Found 382 article(s) in category 'Q2: Inequality?'

WHAT SHOULD WE DO ABOUT INEQUALITY?

Inequality has been rising both within and between countries in recent years. The posts collected here define the different dimensions of inequality and how they manifest, examine its causes, and discuss the extent to which we should be worried. In addition to diagnosing the problem, the posts offer policy options to address it.

Alberto Alesina on Inequality, Immigration, and Austerity

Alberto Alesina on Inequality, Immigration, and Austerity July 2018. GrowthPolicy’s Devjani Roy interviewed Alberto Alesina, the Nathaniel Ropes Professor of Political Economy at Harvard University, on inequality, immigration, and austerity. | Click here for more interviews like this one. Links: Alberto Alesina’s faculty page at Harvard | Publications | NBER research page | Wikipedia Growthpolicy.org. […]

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Good Credit and the Good Life: Credit Scores Predict Subjective Well-Being

Good Credit and the Good Life: Credit Scores Predict Subjective Well-Being. Ashley Whillans, 2018, Paper, “Can money buy happiness? To examine this question, research in economics, psychology, and sociology has focused almost exclusively on examining the associations between income,
spending or wealth and subjective well-being. Moving beyond this research, we provide the first empirical evidence that credit scores uniquely predict happiness. Across two samples, from the United Kingdom (N=615) and the United States (N=768), credit scores predicted life satisfaction even after controlling for a range of financial covariates, including income, spending, savings, debt, and home-ownership. Respondents with higher credit scores felt more optimistic about their future, promoting happiness.Link

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Global Markets and Inequality in African Countries

Global Markets and Inequality in African Countries. Eric Maskin, 2018, Paper, “Globalization has had a big impact on many African countries in the last 20 years. It has provided a considerably expanded market for their exports; allowed them to specialize more in products for which they have a comparative advantage; and given their consumers access to an array of goods that they would not otherwise enjoy. In addition, it has led to impressive GDP growth in much of Africa, and has been an important force for improving average prosperity.Link

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Ed Glaeser on the Future of Employment, Inequality, Poverty, and Joblessness in America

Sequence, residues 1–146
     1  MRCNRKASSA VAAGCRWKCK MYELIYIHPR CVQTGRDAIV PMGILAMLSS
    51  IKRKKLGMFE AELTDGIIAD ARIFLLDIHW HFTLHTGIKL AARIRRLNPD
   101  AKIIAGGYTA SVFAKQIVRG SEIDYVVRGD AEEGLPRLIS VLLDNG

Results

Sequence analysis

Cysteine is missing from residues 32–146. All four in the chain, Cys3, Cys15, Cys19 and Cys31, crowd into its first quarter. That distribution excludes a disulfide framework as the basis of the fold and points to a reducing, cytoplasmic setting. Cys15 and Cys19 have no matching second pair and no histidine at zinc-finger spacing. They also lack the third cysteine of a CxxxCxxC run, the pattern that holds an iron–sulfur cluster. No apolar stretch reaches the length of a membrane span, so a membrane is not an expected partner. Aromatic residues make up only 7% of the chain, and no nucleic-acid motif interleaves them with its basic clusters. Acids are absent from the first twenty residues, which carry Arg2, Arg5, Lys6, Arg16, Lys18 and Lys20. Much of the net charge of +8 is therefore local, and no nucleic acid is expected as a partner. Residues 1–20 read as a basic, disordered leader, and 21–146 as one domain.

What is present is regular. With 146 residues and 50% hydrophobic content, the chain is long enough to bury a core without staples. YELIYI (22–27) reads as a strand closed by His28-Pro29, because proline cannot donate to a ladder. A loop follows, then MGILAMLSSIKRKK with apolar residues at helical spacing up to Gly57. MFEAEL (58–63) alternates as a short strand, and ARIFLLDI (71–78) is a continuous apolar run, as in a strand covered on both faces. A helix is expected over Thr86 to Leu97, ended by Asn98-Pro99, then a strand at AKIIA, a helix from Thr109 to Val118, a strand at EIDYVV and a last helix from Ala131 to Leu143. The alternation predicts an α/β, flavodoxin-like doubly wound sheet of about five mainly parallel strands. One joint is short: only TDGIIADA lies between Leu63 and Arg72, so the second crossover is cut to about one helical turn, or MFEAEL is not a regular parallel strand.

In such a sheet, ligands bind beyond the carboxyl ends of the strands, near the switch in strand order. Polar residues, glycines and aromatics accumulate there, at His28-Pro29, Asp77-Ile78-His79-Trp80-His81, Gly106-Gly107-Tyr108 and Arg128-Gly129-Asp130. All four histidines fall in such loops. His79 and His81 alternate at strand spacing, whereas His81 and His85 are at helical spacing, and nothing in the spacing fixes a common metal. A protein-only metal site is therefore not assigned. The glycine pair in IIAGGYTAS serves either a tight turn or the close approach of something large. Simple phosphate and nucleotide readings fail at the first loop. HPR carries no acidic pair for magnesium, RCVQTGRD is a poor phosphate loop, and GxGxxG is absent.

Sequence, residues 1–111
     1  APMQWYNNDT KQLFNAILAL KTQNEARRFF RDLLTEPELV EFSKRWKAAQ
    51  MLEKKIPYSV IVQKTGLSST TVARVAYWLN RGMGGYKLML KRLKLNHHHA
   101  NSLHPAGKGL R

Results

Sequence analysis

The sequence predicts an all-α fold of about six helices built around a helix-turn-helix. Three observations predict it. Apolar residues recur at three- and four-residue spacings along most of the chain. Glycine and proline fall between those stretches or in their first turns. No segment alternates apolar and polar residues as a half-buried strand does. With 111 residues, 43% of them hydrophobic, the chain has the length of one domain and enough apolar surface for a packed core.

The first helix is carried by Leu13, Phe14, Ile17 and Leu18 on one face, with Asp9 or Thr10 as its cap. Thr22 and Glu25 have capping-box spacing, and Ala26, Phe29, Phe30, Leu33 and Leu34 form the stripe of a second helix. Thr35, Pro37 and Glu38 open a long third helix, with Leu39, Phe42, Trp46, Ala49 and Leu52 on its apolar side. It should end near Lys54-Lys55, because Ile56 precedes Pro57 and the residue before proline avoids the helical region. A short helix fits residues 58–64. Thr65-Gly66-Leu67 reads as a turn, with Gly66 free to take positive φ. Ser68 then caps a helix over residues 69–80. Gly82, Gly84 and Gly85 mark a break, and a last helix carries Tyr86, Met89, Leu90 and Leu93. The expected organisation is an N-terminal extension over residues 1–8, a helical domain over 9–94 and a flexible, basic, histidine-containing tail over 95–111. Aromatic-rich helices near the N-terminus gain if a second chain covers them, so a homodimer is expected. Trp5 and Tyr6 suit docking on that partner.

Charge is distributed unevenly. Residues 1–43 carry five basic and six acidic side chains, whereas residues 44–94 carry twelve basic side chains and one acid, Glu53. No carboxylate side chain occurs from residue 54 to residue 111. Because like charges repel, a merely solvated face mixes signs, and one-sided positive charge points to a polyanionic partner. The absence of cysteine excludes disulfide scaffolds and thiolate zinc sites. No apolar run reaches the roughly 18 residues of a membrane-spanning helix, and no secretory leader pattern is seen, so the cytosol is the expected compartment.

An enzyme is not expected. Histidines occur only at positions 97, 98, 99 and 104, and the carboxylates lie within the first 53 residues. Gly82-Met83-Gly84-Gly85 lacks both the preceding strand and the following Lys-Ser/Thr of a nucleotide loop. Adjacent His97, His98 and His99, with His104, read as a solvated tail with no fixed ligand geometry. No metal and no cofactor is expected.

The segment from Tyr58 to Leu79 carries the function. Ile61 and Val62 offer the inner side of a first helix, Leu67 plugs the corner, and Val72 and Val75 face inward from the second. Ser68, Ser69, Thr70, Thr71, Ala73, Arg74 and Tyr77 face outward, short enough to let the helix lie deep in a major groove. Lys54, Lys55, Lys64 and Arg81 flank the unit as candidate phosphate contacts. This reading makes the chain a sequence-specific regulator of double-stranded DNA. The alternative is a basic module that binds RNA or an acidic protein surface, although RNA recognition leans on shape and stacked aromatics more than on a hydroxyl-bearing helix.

Ed Glaeser on the Future of Employment, Inequality, Poverty, and Joblessness in America July 2018. GrowthPolicy’s Devjani Roy interviewed Ed Glaeser, the Fred and Eleanor Glimp Professor of Economics at Harvard University, on the future of employment, inequality, poverty, and joblessness in America. | Click here for more interviews like this one. Links: Ed Glaeser’s […]

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Welfare and Distributional Impacts of Fair Classification

Welfare and Distributional Impacts of Fair Classification. Yiling Chen, 2018, Paper, “Current methodologies in machine learning analyze the effects of various statistical parity notions of fairness primarily in light of their impacts on predictive accuracy and vendor utility loss. In this paper, we propose a new framework for interpreting the effects of fairness criteria by converting the constrained loss minimization problem into a social welfare maximization problem.Link

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Immigration and Redistribution

Immigration and Redistribution. Alberto Alesina, June 2018, Paper, “We design and conduct large-scale surveys and experiments in six countries to investigate how natives’ perceptions of immigrants influence their preferences for redistribution. We find strikingly large biases in natives’ perceptions of the number and characteristics of immigrants: in all countries, respondents greatly overestimate the total number of immigrants, think immigrants are culturally and religiously more distant from them, and are economically weaker – less educated, more unemployed, poorer, and more reliant on government transfers – than is the case.Link

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The State of the Nation’s Housing 2018

The State of the Nation’s Housing 2018. Harvard Joint Center for Housing Studies, June 28, 2018, Paper, “As we mark the 30th anniversary of the State of the Nation’s Housing series, this year’s report presents an opportunity to reflect on how housing market conditions in the United States have evolved over the decades. In addition to our usual look at current trends, the analysis examines how some of today’s conditions echo the past and are a yardstick for the progress we as a nation have and have not made in fulfilling the promise of a decent, affordable home for all.Link

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Slower Productivity and Higher Inequality: Are They Related?

Slower Productivity and Higher Inequality: Are They Related? Jason Furman, June 2018, Paper, “Income growth for typical American families has slowed dramatically since 1973. Slower productivity growth and an increase in income inequality have both contributed to this trend. This paper addresses whether there is a relationship between the productivity slowdown and the increase in inequality, specifically exploring the extent to which reduced competition and dynamism can explain both of these phenomena. Productivity growth has been uneven across the economy, with top firms earning increasingly skewed returns. At the same time, the between-firm disparities have been important in explaining the increase in labor income inequality.Link

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